Solved Configuration Lost on DS916+ running DSM 6.2.2

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Solved Configuration Lost on DS916+ running DSM 6.2.2

4
5
NAS
DS916+
Hi!

I'm the author of the following post on reddit.
DS916+ on latest DSM says "Configuration Lost"
This happened to me for the first time last Monday, set it all up since then, and it happened again today, on a Monday, again... (gotta love Mondays.)

I'd like to think of myself as a geek, and well versed in all things IT... but the way Synology run their OS, you can't really tell what's happening in the background, and why, unless you want to dig around with SSH for log files...and in this case, I can't even SSH into it, since it's completely reset now.

I went for a deeper dive on reddit to maybe find people who had the same issue as me with their DiskStation, and I found this post, about an older device.
Configuration Lost Potential Fix - DS412+

Synology is ready to replace my device using an Advanced RMA, which is still under waranty, but I can't help myself but to think that the issue can't be related to my current software or hardware setup, since it worked great between the resets.

All that to say,
  • Would it make sense to think that there is a defect with the reset button on our devices?
  • Does any of you know how to maybe Telnet into the device and find his way to a log file that would tell us "reset button was pressed"?

Thanks for reading!
 
4
5
NAS
DS916+
I had that a few times before one of my drives failed.

What kind of volume setup were/are you running? Mine is running in SHR-1.
I've had HDD failures before, but it never changed how the NAS was running, since (from what I understand) the OS is stored on a small partition of each hard drives in the volume.
 

jeyare

Subscriber
1,586
537
take one of the disk from NAS, you need to connect to disk directly by SATA/USB adapter and connect to PC/Lnx/Mac device as external disk
Use Tesdisk utility. Never before repair the SHR-1 (reason why I still don’t use this proprietary kind of RAID).
 

jeyare

Subscriber
1,586
537
Two possible scenarios how to get the data from the disks, when NAS HW/OS or unavailable is broken:

1. Faster, but not extended range of options (used, tested, ok)
Please follow these instructions. This procedure will wipe your current DSM install and packages but will retain your data:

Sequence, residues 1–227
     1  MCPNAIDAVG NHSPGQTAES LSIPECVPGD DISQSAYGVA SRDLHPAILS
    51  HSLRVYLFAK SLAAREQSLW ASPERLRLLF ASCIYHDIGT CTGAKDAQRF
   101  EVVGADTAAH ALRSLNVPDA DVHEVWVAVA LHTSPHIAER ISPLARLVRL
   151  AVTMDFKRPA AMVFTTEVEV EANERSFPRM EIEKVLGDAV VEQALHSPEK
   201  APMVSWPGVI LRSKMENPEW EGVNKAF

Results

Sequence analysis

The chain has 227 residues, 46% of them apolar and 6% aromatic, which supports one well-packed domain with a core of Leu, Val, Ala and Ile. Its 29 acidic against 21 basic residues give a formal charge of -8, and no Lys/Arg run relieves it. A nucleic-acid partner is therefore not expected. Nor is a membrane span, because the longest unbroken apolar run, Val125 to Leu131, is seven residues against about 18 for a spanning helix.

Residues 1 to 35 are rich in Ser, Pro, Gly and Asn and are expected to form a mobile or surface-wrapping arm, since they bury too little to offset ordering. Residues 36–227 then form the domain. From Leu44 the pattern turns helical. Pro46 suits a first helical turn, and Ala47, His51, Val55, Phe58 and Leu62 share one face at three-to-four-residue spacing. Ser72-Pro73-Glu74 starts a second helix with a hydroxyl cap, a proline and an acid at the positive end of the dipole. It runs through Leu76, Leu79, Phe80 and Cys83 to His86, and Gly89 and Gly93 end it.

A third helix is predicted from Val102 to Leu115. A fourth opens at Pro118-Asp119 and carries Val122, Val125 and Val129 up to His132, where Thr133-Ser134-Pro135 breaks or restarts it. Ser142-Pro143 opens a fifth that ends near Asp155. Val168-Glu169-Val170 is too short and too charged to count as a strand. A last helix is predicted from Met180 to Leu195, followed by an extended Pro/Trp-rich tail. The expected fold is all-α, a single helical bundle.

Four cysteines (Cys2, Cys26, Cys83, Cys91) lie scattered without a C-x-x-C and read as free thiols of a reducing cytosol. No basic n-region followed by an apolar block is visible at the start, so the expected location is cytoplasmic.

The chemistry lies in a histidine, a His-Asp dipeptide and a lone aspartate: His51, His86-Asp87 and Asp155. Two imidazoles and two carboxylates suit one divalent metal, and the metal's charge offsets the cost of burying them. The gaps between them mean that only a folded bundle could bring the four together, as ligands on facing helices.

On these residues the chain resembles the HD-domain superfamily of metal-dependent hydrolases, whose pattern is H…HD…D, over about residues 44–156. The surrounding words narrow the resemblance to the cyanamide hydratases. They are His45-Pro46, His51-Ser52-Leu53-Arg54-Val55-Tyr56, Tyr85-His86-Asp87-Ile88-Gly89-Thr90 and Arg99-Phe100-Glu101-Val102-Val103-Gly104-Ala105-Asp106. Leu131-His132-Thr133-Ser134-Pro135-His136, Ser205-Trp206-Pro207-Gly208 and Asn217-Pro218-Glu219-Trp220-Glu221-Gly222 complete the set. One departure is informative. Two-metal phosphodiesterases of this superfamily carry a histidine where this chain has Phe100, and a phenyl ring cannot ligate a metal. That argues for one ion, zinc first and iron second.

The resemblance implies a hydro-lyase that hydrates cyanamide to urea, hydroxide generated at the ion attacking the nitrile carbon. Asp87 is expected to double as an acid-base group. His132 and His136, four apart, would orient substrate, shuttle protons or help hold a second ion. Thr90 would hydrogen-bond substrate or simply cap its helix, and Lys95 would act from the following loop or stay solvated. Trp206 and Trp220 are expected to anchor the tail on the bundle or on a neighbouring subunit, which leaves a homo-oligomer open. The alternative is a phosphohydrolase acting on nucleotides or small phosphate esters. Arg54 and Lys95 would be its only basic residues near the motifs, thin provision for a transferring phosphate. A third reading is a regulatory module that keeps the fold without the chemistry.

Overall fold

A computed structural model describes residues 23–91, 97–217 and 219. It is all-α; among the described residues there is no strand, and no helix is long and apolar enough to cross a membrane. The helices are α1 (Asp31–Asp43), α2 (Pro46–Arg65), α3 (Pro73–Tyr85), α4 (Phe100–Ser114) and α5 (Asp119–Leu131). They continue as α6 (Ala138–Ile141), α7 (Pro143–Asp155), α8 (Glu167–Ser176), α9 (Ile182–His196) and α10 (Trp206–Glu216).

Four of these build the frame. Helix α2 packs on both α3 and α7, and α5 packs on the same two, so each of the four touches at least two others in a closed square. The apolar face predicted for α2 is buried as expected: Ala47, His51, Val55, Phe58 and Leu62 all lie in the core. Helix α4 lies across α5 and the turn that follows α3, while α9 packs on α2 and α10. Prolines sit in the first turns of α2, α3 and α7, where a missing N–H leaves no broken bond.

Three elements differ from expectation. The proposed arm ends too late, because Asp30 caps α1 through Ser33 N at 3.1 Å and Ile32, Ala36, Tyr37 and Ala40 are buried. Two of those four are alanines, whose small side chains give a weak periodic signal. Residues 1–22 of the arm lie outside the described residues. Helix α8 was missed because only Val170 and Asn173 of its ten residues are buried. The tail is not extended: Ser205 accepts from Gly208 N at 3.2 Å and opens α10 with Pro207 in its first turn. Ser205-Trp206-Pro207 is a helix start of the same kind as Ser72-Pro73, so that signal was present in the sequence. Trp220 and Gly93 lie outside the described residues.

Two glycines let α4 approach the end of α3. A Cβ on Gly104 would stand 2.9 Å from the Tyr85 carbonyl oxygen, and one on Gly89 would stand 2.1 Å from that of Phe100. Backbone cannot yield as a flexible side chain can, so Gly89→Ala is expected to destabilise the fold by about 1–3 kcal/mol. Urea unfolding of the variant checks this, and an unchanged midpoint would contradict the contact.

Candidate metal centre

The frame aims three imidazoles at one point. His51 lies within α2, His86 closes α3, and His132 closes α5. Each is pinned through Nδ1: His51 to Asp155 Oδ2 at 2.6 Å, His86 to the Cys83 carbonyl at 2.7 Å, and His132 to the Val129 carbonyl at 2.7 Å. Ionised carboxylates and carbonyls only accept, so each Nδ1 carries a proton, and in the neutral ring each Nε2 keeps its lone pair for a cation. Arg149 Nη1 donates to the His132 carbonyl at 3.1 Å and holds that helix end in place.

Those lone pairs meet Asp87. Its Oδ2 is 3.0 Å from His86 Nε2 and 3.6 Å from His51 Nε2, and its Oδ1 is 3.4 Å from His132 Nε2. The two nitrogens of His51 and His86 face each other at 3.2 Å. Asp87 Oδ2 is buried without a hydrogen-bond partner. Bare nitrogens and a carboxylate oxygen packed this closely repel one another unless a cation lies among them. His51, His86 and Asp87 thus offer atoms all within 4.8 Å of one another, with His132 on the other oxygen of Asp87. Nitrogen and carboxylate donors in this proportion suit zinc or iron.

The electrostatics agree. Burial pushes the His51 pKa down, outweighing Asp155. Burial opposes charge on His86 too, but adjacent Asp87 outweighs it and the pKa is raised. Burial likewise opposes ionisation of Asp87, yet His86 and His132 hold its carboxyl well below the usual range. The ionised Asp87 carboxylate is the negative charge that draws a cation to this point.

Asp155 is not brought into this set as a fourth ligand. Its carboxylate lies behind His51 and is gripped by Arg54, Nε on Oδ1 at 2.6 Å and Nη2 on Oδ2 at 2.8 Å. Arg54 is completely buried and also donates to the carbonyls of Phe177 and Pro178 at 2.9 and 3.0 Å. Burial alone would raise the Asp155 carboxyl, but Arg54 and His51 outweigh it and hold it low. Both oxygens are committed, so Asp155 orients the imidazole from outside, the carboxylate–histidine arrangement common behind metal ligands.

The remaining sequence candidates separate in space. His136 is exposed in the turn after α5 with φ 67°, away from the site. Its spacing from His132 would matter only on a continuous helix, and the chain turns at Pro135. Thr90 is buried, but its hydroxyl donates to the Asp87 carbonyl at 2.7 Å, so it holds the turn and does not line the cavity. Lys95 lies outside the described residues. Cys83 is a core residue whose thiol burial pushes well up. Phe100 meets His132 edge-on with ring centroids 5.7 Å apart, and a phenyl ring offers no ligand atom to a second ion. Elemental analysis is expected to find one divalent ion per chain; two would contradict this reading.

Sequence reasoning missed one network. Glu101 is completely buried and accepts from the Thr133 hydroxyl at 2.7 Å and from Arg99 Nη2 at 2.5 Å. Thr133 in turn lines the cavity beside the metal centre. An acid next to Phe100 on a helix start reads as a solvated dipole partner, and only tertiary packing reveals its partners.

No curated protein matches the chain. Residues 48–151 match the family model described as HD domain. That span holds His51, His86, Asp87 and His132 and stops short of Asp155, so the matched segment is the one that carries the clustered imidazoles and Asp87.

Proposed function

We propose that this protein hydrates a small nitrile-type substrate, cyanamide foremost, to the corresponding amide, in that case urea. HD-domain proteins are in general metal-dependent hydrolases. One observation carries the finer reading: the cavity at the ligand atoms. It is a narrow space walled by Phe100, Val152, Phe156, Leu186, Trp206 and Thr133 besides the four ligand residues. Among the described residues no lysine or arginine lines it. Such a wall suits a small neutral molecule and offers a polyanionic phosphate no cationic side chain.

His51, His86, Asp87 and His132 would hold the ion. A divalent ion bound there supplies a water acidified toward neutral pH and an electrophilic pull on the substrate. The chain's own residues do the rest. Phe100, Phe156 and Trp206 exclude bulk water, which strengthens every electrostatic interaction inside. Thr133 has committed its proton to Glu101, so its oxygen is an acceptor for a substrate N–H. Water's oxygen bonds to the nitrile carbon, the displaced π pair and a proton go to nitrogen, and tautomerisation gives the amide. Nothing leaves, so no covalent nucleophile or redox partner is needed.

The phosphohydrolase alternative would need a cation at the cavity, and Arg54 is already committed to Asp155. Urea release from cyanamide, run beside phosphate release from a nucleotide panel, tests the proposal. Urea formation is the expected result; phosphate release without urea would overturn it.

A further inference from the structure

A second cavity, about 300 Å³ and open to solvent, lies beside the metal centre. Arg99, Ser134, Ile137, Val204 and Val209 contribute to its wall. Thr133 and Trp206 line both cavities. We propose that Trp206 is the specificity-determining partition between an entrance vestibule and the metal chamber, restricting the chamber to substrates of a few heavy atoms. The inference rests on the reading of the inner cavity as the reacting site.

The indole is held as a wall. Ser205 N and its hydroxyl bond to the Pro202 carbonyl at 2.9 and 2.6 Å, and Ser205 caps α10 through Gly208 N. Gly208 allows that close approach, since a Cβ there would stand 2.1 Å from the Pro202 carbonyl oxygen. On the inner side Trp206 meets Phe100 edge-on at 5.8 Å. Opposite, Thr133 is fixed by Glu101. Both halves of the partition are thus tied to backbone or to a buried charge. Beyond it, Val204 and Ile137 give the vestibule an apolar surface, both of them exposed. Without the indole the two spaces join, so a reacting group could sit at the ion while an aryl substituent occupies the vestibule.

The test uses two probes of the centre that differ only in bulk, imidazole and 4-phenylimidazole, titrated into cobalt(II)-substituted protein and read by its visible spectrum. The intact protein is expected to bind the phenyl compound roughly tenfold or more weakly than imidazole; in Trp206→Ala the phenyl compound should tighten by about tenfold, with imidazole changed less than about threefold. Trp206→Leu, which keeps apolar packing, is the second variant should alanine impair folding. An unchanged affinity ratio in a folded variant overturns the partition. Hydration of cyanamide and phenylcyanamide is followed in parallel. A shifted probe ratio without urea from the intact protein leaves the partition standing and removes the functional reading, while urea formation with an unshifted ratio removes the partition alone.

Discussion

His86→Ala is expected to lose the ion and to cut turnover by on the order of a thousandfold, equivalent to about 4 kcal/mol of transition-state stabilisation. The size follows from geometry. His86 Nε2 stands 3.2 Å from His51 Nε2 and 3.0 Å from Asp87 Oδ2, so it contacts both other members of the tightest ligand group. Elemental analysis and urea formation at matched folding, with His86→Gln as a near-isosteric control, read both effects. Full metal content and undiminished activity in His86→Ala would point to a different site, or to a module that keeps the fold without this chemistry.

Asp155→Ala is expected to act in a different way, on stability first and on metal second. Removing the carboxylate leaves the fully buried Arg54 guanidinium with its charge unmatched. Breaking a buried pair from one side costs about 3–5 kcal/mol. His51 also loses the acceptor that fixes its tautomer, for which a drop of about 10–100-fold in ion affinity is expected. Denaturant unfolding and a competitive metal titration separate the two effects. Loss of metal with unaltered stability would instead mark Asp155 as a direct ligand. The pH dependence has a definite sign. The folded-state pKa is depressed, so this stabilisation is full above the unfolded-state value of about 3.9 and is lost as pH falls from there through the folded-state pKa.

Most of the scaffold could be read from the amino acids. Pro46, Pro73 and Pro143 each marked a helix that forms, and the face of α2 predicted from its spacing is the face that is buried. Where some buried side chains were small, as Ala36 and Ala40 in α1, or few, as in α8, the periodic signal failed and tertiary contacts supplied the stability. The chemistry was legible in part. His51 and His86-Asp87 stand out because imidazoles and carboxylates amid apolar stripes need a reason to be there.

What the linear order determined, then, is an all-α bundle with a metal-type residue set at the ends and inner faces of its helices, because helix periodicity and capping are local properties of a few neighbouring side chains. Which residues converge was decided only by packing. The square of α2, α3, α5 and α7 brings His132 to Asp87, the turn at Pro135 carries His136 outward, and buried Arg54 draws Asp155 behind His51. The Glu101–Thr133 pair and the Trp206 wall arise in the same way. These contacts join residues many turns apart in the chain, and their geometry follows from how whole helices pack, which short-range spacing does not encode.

1. Shut down the system.
  2. Remove ALL the disks from the NAS.
  3. Find a single (another) spare disk of any size that you do not mind completely erasing the data and insert it into the NAS - bay 1.
  4. Use Synology Assistant (available in the Download Center on http://download.synology.com/) to install the DSM onto this spare drive. DO NOT CREATE VOLUME AFTER INSTALLATION. If a volume was created during installation please remove it before proceeding to the next step.
  5. When the DSM is fully running on the spare drive and you are able to log in and connect through the web interface, shutdown the NAS.
  6. Physically install all of the original drives back into the NAS except for the drive bay where the spare drive is located. Make sure to leave the spare drive in drive bay 1 as this holds the DSM installation.
  7. Boot up the NAS and verify that you can see your data, including iSCSI LUNs if you had any. The volume status at this point will be "Degraded".
  8. (optional) Repair the volume under Storage Manager > Volume/Disk Group > Repair and select Disk 1. It will need to erase this drive in order to add it back to the RAID.

2. More complicated, but better when the disk failure happens
For a test of the RAID in another device or a data transfer from the disks:

connect both disks to your PC/Lnx/Mac device
then run mdadm directly from Linux (or Live USB from Win/Mac)
mdadm is a Linux utility used to manage and monitor software RAID devices
if not installed:
sudo apt-get install mdadm

then you need lvm2, The Logical Volume Manager (LVM) provides tools to create virtual block devices from physical devices. Use this link for more.
sudo apt-get install lvm2

Now you can mount the Syno drives, use:
sudo mdadm -Asf &&& vgchange -ay

.... take a time
then if everything is correct (hope for it) you will see a message: Volume "x" is active and you can find your data in File cabinet

if no, use Tesdisk utility
 
4
5
NAS
DS916+
1. Faster, but not extended range of options (used, tested, ok)
Please follow these instructions. This procedure will wipe your current DSM install and packages but will retain your data:
  1. Shut down the system.
  2. Remove ALL the disks from the NAS.
  3. Find a single (another) spare disk of any size that you do not mind completely erasing the data and insert it into the NAS - bay 1.
  4. Use Synology Assistant (available in the Download Center on Download Center | Synology Inc.) to install the DSM onto this spare drive. DO NOT CREATE VOLUME AFTER INSTALLATION. If a volume was created during installation please remove it before proceeding to the next step.